Jordan Pearson ASA is an auditor and volunteer firefighter who was on the scene of a shooting in Christchurch, New Zealand.
By Katie Langmore
When auditor Jordan Pearson ASA joined the New Zealand Response Team in Canterbury it was, quite literally, a baptism of fire.
“I joined in 2016 and that summer we were deployed to help out on the fires around Christchurch,” Pearson says.
Two summers later, as fires raged near Nelson on the northern tip of New Zealand’s South Island, Pearson received a call at work.
“My team leader called the office and said: ‘Get to the airport, you’re flying out in half an hour’.”
Pearson’s team was responsible for giving residents, who had been evacuated, access to their homes for short periods of time.
“We had to keep track of the fires and balance the safety of the residents with their need to be at home,” he says.
“It was quite a satisfying deployment as we worked really closely with police, fire and air force. Seeing all those teams and people from different backgrounds work together to protect the community was really great.”
Pearson ended up helping in Nelson for two weeks. “I’m really lucky that my boss [at Moore Markhams] is reasonable when it comes to letting me go when they need me.”
It’s difficult to imagine anyone in Christchurch not supporting a rescue volunteer after the number of humanitarian crises the city has experienced over the last decade.
“After the earthquake [in 2011], membership of Search and Rescue dropped off. I think what the volunteers saw and had to do would have been very difficult to process,” Pearson says of their search for new recruits.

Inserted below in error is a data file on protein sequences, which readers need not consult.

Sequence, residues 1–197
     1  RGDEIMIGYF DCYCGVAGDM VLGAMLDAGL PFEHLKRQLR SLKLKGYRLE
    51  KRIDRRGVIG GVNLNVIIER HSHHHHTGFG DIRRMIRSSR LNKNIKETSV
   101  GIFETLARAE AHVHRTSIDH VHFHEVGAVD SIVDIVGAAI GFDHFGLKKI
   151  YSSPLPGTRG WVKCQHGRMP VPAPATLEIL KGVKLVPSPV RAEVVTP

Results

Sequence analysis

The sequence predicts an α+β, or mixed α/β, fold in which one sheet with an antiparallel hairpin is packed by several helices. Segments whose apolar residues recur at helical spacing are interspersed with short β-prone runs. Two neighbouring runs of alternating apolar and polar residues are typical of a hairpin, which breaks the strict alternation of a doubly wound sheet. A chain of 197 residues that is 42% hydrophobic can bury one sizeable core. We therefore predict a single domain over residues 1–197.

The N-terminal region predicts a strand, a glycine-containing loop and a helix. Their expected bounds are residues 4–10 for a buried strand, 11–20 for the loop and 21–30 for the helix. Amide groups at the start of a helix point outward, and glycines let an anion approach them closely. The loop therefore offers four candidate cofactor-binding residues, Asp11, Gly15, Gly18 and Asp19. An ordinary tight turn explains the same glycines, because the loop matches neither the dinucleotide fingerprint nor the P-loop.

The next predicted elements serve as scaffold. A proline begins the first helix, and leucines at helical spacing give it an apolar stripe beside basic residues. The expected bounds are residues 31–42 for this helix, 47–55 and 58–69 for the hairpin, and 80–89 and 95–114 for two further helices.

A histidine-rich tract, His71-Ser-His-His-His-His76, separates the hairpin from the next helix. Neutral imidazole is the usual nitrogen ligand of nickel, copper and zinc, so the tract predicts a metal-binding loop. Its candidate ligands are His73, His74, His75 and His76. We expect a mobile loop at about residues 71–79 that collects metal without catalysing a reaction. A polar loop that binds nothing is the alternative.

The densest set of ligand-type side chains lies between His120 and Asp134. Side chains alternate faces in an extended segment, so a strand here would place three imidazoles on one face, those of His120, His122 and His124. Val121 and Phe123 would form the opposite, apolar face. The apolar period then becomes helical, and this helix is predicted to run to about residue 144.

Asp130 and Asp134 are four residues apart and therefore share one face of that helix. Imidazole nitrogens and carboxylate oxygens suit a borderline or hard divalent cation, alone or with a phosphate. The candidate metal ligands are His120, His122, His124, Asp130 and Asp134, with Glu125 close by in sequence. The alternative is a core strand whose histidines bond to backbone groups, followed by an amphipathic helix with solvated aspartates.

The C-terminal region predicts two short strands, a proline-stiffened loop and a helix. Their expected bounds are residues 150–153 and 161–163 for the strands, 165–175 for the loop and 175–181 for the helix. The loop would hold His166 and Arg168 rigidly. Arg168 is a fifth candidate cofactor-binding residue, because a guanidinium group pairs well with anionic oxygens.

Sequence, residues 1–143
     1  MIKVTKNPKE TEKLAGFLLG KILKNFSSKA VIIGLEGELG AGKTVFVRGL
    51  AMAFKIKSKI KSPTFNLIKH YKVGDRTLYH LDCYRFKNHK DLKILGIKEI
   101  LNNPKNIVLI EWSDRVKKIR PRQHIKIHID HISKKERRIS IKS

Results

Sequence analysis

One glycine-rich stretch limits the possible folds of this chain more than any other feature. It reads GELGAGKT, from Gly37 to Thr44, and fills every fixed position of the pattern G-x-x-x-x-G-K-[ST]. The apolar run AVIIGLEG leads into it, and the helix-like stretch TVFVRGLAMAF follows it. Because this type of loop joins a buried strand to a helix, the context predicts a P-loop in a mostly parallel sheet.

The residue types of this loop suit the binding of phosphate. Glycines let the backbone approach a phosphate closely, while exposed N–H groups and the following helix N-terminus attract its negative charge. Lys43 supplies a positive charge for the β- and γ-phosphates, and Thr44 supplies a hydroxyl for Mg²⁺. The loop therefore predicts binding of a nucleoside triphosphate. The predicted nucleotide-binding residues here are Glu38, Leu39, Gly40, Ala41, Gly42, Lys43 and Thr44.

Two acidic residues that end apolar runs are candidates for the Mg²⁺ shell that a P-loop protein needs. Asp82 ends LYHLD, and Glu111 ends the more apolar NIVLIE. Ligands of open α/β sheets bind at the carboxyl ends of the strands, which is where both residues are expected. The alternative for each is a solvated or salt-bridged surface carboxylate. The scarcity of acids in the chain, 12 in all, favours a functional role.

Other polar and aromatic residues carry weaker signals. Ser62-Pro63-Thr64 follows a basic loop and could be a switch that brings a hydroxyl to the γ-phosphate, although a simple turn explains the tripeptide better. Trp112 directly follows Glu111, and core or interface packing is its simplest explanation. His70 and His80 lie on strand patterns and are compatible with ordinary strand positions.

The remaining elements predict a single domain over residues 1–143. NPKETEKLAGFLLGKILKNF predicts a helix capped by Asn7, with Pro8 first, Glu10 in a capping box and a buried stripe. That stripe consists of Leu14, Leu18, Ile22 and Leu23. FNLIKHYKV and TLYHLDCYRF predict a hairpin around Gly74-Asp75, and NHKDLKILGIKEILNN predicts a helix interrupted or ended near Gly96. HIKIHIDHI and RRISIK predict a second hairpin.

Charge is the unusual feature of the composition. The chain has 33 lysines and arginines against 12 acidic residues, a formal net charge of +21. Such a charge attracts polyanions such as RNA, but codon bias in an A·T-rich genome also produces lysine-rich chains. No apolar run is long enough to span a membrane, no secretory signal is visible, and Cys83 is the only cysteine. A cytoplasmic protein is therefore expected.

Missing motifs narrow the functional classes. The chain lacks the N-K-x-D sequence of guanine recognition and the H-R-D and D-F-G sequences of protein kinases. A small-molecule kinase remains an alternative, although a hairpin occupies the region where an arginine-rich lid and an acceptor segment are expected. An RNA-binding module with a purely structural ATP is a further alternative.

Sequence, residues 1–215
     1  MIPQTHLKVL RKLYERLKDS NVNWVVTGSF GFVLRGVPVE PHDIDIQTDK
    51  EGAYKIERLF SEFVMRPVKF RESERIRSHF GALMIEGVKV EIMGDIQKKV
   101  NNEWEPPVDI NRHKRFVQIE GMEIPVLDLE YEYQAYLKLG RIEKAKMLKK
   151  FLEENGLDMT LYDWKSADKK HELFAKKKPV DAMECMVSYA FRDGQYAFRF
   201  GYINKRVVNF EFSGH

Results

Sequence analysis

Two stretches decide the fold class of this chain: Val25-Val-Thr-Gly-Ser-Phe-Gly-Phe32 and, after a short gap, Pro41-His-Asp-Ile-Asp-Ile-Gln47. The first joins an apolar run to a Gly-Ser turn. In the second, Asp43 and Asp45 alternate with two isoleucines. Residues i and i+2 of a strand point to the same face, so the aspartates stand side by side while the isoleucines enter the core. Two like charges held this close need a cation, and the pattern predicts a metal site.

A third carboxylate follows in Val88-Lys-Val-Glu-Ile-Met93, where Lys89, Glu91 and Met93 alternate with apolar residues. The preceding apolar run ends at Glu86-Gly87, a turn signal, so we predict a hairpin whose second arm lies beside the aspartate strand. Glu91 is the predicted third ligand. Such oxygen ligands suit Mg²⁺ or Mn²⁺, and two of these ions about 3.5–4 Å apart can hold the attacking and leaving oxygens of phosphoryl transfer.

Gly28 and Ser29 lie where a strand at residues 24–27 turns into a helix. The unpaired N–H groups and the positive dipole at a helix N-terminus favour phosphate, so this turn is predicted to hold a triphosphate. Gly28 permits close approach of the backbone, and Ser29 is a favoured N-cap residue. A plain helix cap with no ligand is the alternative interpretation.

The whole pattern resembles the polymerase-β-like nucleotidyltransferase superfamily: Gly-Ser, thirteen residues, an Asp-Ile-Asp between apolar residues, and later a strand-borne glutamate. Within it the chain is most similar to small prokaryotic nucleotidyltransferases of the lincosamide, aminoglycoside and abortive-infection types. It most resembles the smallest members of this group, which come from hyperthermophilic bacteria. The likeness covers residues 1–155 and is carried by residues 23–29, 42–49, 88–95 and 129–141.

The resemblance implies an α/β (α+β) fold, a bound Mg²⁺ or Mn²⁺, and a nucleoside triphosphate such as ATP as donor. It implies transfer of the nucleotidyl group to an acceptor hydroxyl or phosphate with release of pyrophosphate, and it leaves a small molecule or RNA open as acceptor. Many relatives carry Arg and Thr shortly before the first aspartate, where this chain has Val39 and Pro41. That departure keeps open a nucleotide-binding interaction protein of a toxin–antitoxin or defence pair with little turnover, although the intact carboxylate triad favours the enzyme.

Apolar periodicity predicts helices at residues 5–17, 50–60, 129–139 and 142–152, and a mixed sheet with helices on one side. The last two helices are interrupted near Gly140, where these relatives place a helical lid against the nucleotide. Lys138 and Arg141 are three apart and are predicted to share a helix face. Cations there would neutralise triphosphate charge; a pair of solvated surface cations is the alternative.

Pearson had already done medical and rescue training through work as a kayak instructor, so it seemed like a good fit.
“Having lived through the earthquakes, I knew what the teams did and knew it was something I could do to help.”
Yet in March 2019, the voluntary work he’d so wholeheartedly embraced exposed Pearson to horrors he couldn’t imagine. On the day that a lone gunman allegedly fired on worshippers at the Al Noor Mosque on Deans Avenue, he received another call at work.
“We’d heard at work that three people had been shot but when I got the phone call from Search and Rescue saying I needed to get straight down there, I knew things had to be pretty bad.”
Pearson’s office was only five minutes from the mosque, so he arrived amid the chaos of the immediate aftermath.
“We did what we were told to do. We helped St Johns [ambulance and first aid service] and then moved to the hospital to set up another site in case more casualties came in.
“It was pretty chaotic and scary, because we were being told that there might be another shooter,” he says, and then pauses, reflecting on the events.
“It’s hard for me to recall it in detail because I think I’ve mentally blocked it out a bit.”
Pearson says he’s had to think hard, since March, about whether he could ever attend a similar event again.
“I never expected to be involved in the response to something like it, and it’s made me realise that we can be deployed for anything,” he says.
“Yet I’ve decided that if it happened again I would still want to help, because I want to be able to help people and I’m in a position where I have the training to do it this way.”
On 21 March, Pearson will be running The Unity Ultra, a marathon in memory of the mosque victims.
“As soon as I heard about it I knew that it would be a good way to remember what happened that day and raise some money for it all.”
The Unity Ultra
The Unity Ultra is a 51-mile marathon from Akaroa to Christchurch, to honour and celebrate the lives of the 51 victims of the Christchurch mosque attack. Funds raised will support the refugee programs of the New Zealand Red Cross. Go here to sponsor Jordan Pearson ASA.
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